In his fundamental and seminal work, El Laberinto de la Soledad, Octavio Paz once said about us and our idiosyncrasy, that the life of a Mexican elapses between the possibility of screwing others and being screwed. And never, as in these dark times that we live in, has this reflection been as valid and relevant: The rich screw the poor and vice versa, men screw women and vice versa, the mestizos want to screw the natives and vice versa. It seems that we all want to screw each other. It’s a screwed time!... So much screwing!
But if Octavio Paz had lived in our time, he would’ve never exhausted his list of confrontations, since he would have had to include all the other battles that we experience daily in contemporary Mexico; liberals against conservatives, the “alleged good” against the “alleged bad", the political power versus the people, a war between the founding communities and those who invaded them, a war between the “chairos” in favor of our current government and the “fifís” against it, between the upper and the lower classes. A war in which those who are not with me, are against me! Damn! Mexico has turned into the country of a thousand confrontations.
In Mexico, unfortunately, we’ve spent years, if not centuries, experiencing one confrontation after another, of everyone against everybody, to prove who’s on top, to see who has the best chance of screwing the most... An eternal battle in which no one’s guilt-free, and the one that is, well screw him as well!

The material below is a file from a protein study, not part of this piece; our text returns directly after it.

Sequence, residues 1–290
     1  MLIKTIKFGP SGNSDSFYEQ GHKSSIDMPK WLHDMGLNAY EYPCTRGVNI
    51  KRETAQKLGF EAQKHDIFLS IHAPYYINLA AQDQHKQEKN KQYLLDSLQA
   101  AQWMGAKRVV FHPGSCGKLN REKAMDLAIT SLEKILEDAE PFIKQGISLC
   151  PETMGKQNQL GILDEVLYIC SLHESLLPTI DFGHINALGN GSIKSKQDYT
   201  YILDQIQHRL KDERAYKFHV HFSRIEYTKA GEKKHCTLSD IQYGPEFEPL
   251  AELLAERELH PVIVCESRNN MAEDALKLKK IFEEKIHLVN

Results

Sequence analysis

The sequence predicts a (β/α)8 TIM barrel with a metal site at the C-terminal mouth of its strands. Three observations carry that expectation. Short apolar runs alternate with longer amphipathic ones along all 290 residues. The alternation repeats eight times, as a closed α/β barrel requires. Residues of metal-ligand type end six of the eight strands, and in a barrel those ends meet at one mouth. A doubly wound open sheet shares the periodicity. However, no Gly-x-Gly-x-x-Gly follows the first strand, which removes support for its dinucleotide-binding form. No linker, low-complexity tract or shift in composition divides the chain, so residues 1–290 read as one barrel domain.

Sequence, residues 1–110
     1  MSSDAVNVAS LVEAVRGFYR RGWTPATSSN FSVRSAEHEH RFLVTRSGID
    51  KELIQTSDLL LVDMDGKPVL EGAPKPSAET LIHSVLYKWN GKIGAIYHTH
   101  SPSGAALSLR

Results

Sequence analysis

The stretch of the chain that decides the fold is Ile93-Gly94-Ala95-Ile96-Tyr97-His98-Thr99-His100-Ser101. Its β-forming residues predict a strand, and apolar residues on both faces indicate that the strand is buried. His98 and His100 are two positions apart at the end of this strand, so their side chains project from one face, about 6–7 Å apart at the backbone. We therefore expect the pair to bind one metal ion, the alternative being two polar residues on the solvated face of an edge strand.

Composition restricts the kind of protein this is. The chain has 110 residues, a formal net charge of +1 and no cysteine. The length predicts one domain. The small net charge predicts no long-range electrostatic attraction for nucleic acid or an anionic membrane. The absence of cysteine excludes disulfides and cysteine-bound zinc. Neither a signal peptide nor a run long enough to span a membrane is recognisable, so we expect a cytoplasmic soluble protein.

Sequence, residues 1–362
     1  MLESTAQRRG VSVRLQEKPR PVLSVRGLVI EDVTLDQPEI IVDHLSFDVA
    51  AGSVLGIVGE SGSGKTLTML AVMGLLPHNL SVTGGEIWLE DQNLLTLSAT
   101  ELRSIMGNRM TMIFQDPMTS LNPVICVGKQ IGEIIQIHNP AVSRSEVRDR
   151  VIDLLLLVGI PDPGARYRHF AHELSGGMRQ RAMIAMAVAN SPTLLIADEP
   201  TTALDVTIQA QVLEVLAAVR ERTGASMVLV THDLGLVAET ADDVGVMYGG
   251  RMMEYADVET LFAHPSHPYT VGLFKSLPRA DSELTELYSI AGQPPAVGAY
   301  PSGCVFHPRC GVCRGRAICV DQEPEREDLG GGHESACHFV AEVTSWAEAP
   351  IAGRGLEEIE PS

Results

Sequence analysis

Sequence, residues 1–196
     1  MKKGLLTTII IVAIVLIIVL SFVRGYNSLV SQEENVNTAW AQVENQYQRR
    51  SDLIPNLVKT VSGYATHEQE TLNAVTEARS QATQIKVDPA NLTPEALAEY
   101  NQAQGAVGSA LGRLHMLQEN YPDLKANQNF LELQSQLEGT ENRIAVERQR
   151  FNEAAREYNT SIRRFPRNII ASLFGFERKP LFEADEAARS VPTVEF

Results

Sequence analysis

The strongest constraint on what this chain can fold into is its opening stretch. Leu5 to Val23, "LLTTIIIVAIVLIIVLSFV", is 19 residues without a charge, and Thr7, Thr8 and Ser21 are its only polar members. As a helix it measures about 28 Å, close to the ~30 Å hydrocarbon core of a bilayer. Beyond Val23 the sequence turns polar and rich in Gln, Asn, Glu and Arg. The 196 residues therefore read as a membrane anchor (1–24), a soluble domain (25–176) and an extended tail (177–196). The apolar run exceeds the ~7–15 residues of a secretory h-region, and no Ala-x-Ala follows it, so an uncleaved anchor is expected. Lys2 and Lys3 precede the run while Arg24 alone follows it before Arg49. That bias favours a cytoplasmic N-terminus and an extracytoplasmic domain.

But in these modern times, and in complicity with social media and new technologies, these confrontations have reached the point of exhaustion. These are times of intolerance, polarization, and racism. Times where, I insist, those who are not with me, are against me!
Times of: #WhatTheFuckAreYouStarringAt for no reason.
In this context, one cannot help but be surprised but above all, concerned, that the arrival of this long-awaited transition to democracy, which we’re experiencing after so many years, instead of helping us understand each other better, has exacerbated our differences and generated more hatred and grudges than what we already had. There is no way that this intolerance can be justified; but in a country like Mexico in which the social injustices are brutal and the distribution of wealth unfair, widespread corruption, rampant impunity, and above all renewed classism, racism, and sexism have become part of our lives and our daily routine. It is not surprising that we see ourselves more like enemies and rivals rather than fellow travelers on the same ship.
For better or worse (or rather just for worse), this universe of confrontations is not exclusive to Mexico. Today, the world, for very different reasons, is once again convulsing left and right wings; and the pendulum of history seems to re-ignite among the people who demand equality and social justice... At the same time, unfortunately, concerning signs of intolerant and fed-up masses, flourish in regimes plagued by populism and neo-fascism everywhere.
But in these times of global intransigence, as we historically do, we Mexicans react in our very particular way.
Our always mysterious and complex idiosyncrasy that great minds tried to explain, from Octavio Paz, Carlos Monsivais, Roger Bartra, and Alfonso Reyes through their essays; Juan Rulfo, Carlos Fuentes, Jose Emilio Pacheco, Bruno Traven, and Jorge Ibargüengoitia through their literature and poetry; Rivera, Orozco, and Siqueiros, and more recently, Daniel Lezama through their paintings and murals, in which patriotism and nationalism were always fundamental themes; without leaving aside the fiercest critics of our national identity: the cartoonists, who with their amazing capacity for synthesis have been the ones who describe us best in the most perverse and true manner; Posada, García Cabral, Abel Quezada, Naranjo, Rius, Helio Flores; and our malevolent contemporaries: Hernández, Fisgón, and Helguera.